By Andy Williams

When thinking about infographics and how they are designed, I often recall a not-so-famous quote from a very famous author, Sir Arthur Conan Doyle: “Data! Data! Data! I can’t make bricks without clay!”

Data plays an important part in any business, but to truly understand the data your company has compiled and collected, they must be represented and displayed in the right way. This is where infographics can serve an important role in making sure your audience receives and understands the data you are presenting.

Infographics, essentially, are a visual representation of compiled data that is put forward in a graphically appealing and easy-to-understand way.

The best and most effective infographics use the data they have as a foundation and let the design flow around that. They are clear, concise, and to the point—while staying within brand guidelines if such constraints are required.

Below are eight examples of some excellent infographics.


1. Highlighting Local Community

IG_Arbor_Middleton_2


(View the full infographic here.)

This infographic is easy to follow, and the visuals lead your eye from point to point, taking in all of the information about what activities to do in New Jersey. It's a clean design with a good use of colors.


2. Helping Customers Find Their Product FitGlasses-to-Fit-Your-Personality

(View the full infographic here.)

This infographic has a great use of fonts to capture an overall style, which is also distinct in their use of illustrations over product photos. The data here is clearly represented, with each section having additional style examples and an overarching fact.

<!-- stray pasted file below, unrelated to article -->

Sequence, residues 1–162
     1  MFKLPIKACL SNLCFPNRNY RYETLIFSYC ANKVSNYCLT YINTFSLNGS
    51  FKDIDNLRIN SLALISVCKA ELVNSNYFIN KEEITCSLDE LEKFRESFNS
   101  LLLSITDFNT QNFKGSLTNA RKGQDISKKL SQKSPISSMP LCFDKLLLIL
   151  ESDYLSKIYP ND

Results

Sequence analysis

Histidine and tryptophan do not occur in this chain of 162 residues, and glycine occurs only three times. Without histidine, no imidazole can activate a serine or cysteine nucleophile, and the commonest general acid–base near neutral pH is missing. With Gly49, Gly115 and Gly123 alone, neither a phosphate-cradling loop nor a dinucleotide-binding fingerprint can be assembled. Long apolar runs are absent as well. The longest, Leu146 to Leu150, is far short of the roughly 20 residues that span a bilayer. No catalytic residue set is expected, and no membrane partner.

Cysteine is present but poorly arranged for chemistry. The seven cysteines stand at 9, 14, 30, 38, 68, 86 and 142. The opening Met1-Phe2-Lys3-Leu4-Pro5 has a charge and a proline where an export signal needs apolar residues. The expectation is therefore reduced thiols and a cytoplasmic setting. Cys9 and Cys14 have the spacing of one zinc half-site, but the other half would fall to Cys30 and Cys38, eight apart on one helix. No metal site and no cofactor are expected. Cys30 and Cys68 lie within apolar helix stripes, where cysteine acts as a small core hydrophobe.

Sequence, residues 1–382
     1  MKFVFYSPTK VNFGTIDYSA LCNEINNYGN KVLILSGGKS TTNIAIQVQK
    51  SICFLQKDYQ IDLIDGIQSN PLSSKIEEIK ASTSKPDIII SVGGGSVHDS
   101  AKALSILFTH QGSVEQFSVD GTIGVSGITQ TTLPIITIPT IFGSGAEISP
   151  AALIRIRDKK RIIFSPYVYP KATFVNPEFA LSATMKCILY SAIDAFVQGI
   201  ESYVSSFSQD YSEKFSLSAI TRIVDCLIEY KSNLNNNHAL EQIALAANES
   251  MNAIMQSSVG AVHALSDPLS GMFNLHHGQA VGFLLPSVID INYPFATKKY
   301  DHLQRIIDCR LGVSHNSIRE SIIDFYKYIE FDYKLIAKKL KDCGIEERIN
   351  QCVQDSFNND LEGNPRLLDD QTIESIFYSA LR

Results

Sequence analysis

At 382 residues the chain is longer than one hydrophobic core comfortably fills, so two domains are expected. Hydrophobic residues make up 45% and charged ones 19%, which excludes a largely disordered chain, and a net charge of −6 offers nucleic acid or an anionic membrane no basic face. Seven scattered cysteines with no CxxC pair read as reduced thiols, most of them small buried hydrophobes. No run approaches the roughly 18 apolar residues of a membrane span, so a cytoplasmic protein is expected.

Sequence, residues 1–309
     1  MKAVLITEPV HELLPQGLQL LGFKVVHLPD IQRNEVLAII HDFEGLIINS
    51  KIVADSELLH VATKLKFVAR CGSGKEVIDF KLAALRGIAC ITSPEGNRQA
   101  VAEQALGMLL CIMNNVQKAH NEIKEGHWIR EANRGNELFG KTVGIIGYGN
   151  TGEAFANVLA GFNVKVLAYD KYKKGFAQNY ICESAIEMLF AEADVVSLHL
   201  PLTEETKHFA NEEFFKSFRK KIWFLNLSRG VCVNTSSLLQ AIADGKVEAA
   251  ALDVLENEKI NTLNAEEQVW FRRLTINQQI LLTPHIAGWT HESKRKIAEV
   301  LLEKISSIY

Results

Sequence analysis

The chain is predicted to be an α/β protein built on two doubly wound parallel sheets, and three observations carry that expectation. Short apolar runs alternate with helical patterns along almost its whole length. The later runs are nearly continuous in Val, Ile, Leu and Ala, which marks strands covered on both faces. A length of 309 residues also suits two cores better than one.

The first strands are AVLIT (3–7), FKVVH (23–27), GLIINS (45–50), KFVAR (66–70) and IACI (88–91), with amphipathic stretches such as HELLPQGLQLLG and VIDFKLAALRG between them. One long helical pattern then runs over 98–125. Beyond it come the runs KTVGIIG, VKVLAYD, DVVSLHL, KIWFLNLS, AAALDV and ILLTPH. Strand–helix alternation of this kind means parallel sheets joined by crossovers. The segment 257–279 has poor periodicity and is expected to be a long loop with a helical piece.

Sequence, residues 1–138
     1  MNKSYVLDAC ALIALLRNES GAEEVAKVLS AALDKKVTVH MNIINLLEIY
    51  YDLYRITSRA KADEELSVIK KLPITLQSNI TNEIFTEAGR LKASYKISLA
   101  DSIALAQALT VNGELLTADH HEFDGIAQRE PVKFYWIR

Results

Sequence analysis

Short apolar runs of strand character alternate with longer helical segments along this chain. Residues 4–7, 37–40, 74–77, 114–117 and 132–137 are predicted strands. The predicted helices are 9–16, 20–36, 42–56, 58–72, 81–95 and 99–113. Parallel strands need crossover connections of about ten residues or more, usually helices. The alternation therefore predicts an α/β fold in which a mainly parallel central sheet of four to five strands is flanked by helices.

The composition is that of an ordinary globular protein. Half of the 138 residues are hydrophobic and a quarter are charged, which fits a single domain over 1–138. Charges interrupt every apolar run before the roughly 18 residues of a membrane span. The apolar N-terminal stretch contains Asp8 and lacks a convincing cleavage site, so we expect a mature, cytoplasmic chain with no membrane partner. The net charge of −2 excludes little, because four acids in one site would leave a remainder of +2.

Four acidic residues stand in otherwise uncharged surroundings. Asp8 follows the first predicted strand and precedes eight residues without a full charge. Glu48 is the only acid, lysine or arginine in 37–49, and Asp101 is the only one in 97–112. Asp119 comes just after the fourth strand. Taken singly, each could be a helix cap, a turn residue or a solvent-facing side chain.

Special mention to the fantastic use of color to break up the sections, which helps the user process the data from each section more efficiently.

3. Decision Tree Measures Disaster Preparedness

IG_RockDove_DisasterRecov_1


(View the full infographic here.)

Being a decision tree (like the "choose your own adventure" books we all experienced growing up), it's important that there is a strong use of visual cues to guide the user through the information — and this has it. It's a clean design, and even though there seems to be a lot happening on the page, there is a good use of space between each data point.


4. Educating On Design Elements & Principles

Canva infographic


(View full infographic here.)

This piece is by Canva, a great resource for design guidance and templates, so it's no surprise they do a good job of showing off their own principles.

The separation of elements with good use of space is clear throughout this infographic, with the data broken up into small segments for easy digestion. The illustrations fit perfectly with the data to give a clear visual representation of what is being talked about. In this case, the infographic is great for people who are not familiar with design.

5. Call To Support Endangered Species

Bees infographic


(View the full infographic here.)